Finally, steer clear of sugary sweet desserts, which spike blood sugar and cause wakefulness. Salty snacks aren’t much better because they elevate blood pressure and lead to dehydration, which also keeps you up at night.

Don’t ignore a growling stomach, though. Going to bed hungry can be just as disruptive as going to be on a full stomach. Instead of hitting the freezer for ice cream, choose a light carbohydrate snack to help you drift off, like a banana, cup of yogurt, or bowl of low-fat granola. Carb-rich foods eaten before bed react with the stored tryptophan in your body and boost serotonin levels.

3. 3 or 6 Meals a Day?

If you’re a regular three-meals-a-day eater and you suffer insomnia, it might be time to rethink your eating routine. Many nutritionists suggest eating five or six small meals for better pacing and digestion, which results in easier sleeping.

Sleep expert Michael Breus, in his book The Sleep Doctor’s Diet Plan, goes a step further. Breus advises consuming nutritious food every few hours to help stabilize blood sugar and maintain the proper balance of hormones and neurotransmitters key for sleep.

Of course, not everyone has the flexibility to eat frequently throughout the day, and some sleep experts recommend sticking with the traditional three-meals-a-day plan. No matter what eating routine you choose, here’s an important guideline: eat when you’re truly hungry and then only to the point of being comfortable, not full. This will aid in proper digestion and regulated body rhythms, making sleep easier and more sound.

How do you know when you’re truly hungry? Learn to recognize the signs, which include irritability, lightheadedness, difficulty concentrating, and stomach gurgling. For some people, three meals a day will be sufficient and for others, more small meals spaced throughout the day work best. A steady meal pattern will help ensure balance in your body and avoid any digestive trouble at night that can lead to wakefulness and discomfort.

4. Supplements for Sleep

When food and eating habits don’t bring on slumber, a nutritional supplement might help. Certain supplements — especially vitamin D, magnesium, and calcium — have sleep-promoting effects that can help you drift off and stay asleep.

Studies have shown that people with inadequate levels of vitamin D are more susceptible to sleep-related health problems, like sleep apnea and nighttime pain and inflammation. In one study, researchers discovered that a vitamin D deficiency is closely connected with daytime sleepiness, something typical of insomniacs. Experts advise taking a vitamin D supplement early in the day since it can cause a drop in melatonin levels.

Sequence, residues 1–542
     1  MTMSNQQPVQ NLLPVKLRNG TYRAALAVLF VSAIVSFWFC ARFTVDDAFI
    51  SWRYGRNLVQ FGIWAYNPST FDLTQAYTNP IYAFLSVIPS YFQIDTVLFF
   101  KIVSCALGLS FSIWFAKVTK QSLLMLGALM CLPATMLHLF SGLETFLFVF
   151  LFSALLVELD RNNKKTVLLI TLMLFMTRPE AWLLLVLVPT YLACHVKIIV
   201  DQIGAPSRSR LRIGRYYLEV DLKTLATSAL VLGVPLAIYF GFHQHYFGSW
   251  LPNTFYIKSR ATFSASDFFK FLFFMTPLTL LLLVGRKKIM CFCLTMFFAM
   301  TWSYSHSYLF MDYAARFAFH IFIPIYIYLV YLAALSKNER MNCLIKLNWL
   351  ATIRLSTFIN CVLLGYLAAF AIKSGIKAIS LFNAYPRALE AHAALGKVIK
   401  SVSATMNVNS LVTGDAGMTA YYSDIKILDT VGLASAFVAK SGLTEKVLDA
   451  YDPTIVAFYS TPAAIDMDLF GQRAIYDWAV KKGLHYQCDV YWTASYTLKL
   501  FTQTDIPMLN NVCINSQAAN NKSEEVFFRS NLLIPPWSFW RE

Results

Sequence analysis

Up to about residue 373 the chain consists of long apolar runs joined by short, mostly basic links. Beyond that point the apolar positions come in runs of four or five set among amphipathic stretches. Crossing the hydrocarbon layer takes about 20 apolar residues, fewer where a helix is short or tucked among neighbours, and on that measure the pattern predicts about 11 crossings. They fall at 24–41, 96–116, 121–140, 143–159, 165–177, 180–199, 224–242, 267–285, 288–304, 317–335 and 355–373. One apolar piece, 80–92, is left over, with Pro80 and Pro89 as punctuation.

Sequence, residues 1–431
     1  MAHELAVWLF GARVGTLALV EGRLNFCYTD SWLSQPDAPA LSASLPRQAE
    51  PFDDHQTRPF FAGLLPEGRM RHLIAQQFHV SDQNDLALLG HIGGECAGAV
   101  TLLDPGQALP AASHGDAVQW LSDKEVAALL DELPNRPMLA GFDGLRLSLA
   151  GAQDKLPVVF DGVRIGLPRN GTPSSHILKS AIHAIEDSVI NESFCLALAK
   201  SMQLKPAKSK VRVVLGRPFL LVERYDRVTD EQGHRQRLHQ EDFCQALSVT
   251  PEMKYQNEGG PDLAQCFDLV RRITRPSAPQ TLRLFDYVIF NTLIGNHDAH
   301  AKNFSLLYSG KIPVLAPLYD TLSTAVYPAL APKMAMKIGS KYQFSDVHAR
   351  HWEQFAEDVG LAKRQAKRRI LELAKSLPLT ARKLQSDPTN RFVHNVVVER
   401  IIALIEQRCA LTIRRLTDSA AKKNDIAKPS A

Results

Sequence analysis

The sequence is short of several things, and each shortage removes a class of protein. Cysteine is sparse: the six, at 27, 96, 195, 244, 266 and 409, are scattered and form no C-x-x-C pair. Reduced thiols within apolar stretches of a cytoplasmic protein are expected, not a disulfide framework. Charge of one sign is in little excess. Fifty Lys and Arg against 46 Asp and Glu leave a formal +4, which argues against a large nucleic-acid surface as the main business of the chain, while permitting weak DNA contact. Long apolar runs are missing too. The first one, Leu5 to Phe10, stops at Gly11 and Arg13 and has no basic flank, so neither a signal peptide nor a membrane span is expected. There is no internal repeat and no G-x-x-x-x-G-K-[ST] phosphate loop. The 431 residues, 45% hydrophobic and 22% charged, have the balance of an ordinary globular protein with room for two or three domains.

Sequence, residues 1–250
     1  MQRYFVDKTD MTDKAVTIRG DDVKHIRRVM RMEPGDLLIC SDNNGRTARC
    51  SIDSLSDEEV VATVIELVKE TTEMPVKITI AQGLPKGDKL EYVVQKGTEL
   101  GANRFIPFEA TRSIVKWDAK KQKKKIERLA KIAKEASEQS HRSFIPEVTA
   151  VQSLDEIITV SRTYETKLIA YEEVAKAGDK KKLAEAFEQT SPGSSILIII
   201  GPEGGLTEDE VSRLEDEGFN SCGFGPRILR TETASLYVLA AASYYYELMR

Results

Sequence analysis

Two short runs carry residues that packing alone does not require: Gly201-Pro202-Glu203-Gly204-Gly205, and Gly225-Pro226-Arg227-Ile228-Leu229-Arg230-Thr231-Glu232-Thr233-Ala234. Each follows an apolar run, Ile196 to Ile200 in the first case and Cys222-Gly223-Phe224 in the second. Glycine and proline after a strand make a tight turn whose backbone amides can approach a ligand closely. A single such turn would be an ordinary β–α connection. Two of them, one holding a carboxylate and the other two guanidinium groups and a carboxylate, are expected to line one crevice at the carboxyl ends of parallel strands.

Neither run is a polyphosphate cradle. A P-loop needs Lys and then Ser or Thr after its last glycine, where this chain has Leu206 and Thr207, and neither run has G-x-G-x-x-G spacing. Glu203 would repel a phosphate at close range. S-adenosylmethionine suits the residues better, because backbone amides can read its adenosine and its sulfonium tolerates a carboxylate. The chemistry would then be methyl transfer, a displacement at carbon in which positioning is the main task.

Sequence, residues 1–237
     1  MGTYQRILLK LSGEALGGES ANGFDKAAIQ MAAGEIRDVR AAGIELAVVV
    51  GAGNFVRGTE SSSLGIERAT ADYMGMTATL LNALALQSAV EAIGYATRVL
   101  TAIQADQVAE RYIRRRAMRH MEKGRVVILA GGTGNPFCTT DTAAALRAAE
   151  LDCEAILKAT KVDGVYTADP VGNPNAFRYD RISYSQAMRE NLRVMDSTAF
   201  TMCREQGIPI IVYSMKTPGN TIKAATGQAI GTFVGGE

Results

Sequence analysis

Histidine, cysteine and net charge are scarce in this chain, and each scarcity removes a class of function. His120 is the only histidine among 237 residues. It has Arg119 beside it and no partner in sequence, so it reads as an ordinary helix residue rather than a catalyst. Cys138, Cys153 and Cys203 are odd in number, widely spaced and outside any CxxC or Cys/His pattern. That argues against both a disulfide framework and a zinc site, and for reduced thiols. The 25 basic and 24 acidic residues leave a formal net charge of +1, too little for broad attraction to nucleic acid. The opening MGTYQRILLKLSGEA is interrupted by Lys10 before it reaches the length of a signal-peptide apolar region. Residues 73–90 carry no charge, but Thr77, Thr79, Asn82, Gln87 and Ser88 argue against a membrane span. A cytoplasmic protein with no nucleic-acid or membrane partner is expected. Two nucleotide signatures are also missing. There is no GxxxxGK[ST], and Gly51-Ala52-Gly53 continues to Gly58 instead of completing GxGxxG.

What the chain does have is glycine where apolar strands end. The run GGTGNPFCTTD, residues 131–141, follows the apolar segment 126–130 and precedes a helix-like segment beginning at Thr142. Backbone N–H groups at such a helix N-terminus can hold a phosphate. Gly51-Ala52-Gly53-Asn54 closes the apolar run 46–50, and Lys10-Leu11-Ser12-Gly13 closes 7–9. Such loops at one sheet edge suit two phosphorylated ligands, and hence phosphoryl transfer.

Another important reason to take vitamin D for sleep is that it helps the body absorb calcium, which has a sedative effect on the body. Calcium taken with magnesium, also a useful sleep aid, can make your likelihood of restful sleep even better. Magnesium helps calm the brain and alleviate leg cramps and other body aches so you can prepare for sleep. Take magnesium an hour before bedtime.

Herbal supplements run the gamut as effective sleep aids, but for safety and efficacy, three to try are valerian (taken with hops), chamomile (in tea form), and melatonin. Studies have shown positive results with each and few side effects, although results vary by individual. If you choose to take supplements for sleep, be sure to check with a healthcare expert on proper dosages.

Sleeping and eating go hand-in-hand, which makes what you eat all the more important for people who suffer insomnia. Make the effort to eat the right foods at the right time, and supplement when necessary. Then enjoy restful, easy slumber, night after night.

Written by Susie Yakowicz
I am a freelance writer living in Minnesota. I specialize in writing articles for the web on topics ranging from health and wellness to writing to dogs. Please visit my blog at for more information about me and my work. See more articles by this author